That said, Raisi was not unique in his views. He was a reflection of a system that afforded his rise to power. Throughout his career, Raisi enjoyed Khamenei’s tutelage, which enabled a swift rise through the ranks of Iran’s judiciary, where he gained a reputation for his loyalty to the Islamic Republic’s core principles. Raisi’s alignment with Khamenei’s vision was pivotal to his 2021 presidential election victory and positioned him as a key player in Iran’s conservative establishment and a potential future supreme leader.

His victory was symptomatic of a larger shift internally away from the previous administration’s failed outreach toward the international community through the Joint Comprehensive Plan of Action (JCPOA), also known as the Iran nuclear deal, which is now viewed as a failure by the supreme leader and his closest advisers. In particular, the U.S. withdrawal from the JCPOA under former president Donald Trump and the subsequent reimposition of sanctions dealt a severe blow to the reformist agenda. This turn of events led to the marginalization of reformist factions and created an opening for conservative voices to reassert their influence.

Russia-Iran Relations Under Raisi and Beyond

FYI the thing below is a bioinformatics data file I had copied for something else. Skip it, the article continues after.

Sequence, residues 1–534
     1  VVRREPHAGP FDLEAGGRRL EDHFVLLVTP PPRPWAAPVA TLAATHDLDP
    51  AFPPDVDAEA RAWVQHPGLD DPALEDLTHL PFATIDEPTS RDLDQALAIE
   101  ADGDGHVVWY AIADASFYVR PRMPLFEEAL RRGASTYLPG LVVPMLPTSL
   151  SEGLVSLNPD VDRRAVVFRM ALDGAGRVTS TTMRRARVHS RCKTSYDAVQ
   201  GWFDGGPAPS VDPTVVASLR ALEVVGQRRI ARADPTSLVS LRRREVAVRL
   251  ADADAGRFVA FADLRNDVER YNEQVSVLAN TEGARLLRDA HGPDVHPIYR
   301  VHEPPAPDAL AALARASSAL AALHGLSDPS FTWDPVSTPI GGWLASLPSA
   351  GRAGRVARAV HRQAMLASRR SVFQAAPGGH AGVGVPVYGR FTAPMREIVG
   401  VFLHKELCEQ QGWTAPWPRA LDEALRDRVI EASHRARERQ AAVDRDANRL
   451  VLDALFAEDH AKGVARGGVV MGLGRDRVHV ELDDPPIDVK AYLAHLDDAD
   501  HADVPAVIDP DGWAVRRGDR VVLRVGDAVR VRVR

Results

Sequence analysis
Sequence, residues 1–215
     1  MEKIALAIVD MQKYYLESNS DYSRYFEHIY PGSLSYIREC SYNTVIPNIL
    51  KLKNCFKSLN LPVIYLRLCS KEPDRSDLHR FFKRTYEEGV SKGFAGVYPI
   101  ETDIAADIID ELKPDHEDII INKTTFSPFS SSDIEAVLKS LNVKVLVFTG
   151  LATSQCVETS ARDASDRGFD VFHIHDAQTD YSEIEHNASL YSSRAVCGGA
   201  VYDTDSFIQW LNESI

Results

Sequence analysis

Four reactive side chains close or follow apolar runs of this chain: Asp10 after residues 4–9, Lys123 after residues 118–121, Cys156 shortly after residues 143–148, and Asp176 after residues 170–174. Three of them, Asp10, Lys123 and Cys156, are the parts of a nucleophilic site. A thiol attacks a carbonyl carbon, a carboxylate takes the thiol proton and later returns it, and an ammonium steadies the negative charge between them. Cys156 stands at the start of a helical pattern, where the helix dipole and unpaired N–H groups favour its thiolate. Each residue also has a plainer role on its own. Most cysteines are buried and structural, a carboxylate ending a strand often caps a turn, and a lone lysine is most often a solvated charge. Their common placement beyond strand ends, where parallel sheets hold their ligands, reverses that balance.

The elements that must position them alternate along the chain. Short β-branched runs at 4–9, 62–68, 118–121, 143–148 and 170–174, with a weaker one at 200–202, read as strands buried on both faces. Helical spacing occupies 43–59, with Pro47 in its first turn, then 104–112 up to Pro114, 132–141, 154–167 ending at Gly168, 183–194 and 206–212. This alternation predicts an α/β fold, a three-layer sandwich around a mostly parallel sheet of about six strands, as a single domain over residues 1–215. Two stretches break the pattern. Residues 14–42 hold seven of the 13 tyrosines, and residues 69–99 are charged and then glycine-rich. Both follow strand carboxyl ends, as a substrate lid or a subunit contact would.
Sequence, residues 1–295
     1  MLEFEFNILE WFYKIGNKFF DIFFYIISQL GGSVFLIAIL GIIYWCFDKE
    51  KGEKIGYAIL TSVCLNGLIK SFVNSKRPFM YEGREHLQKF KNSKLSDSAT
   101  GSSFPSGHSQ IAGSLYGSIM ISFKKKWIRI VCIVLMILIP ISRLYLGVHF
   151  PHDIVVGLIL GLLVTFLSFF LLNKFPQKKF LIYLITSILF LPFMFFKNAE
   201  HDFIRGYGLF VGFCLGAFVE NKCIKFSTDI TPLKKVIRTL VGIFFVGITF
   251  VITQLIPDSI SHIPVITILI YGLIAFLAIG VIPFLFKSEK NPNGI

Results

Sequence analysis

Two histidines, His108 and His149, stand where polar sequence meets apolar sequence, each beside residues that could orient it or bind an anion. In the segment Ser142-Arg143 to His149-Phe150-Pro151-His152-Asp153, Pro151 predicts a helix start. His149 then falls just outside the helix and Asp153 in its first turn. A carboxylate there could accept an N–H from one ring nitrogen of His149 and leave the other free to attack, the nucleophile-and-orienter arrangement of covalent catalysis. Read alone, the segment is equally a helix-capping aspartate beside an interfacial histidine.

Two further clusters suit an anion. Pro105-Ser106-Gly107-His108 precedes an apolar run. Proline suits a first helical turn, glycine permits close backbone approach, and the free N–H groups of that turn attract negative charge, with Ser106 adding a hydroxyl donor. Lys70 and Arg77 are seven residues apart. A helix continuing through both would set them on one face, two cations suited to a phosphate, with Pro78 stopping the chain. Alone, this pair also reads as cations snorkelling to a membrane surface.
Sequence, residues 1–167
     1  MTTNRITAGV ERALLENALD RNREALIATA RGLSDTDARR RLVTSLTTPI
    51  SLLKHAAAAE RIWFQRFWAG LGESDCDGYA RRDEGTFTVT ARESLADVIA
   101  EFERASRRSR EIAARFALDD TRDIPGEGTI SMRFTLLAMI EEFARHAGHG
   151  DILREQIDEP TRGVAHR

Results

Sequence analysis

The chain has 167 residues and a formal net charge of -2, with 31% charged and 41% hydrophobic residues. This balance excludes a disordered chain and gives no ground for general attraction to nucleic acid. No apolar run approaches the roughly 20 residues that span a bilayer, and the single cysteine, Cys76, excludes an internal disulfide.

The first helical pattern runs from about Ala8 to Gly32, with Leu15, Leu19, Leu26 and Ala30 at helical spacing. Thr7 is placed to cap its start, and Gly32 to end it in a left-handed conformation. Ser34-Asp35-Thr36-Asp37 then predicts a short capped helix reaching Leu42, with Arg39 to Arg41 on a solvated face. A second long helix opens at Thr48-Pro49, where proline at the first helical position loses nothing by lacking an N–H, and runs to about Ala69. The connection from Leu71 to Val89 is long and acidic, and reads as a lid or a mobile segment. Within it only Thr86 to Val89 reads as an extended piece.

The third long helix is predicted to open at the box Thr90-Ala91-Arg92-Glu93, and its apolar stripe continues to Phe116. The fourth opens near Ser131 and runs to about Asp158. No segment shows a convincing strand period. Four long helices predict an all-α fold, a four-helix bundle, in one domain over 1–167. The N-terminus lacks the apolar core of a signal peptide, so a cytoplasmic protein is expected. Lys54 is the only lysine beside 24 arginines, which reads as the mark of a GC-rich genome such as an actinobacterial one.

Raisi’s presidency marked a shift in Iran’s domestic and foreign policy. The latter included a greater emphasis on Iran’s ties to China, as well as to Russia—though this development is not solely a result of his leadership. In Iran’s political system, foreign policy is largely shaped by the supreme leader with input from a cadre of advisers, the members of the Supreme National Security Council, the General Staff, and the Islamic Revolutionary Guard Corps. These entities wield significant influence over Iran’s international relations, often overshadowing the role of the president. In essence, Raisi served as a willing vestibule to implement the policy choices of an establishment that increasingly saw Russia as a favorable alternative to offset Western pressure.

The strengthening of Iran-Russia ties can be traced back to Russia’s 2015 intervention in the Syrian civil war, when the two governments found themselves aligned in their support for Syrian President Bashar al-Assad’s regime. Their shared campaign laid the groundwork for a broader expansion of military-to-military channels between Moscow and Tehran. These enhanced ties would prove crucial during Raisi’s tenure, as Iran emerged as a key supplier of military equipment to Russia for its war in Ukraine.

Russia also provided Raisi with several “wins” in his foreign policy by facilitating Iran’s membership in Shanghai Cooperation Organisation and shielding it from scrutiny over its nuclear program. These successes helped to reinforce the narrative of Iran’s growing influence and resilience in the face of Western pressure.

The death of Raisi, a longtime proponent of Russia-Iran relations, comes amid recent changes in Russia, including the installation of a new defense minister. But Moscow’s swift and coordinated support seems to indicate its effort to show that Russia-Iran relations will not be impacted by internal changes in either country. Whoever Raisi’s successor may be, Russia will seek to occupy an important role in Iranian foreign policy as a partner to belie its sense of isolation and as a bulwark against Western pressure.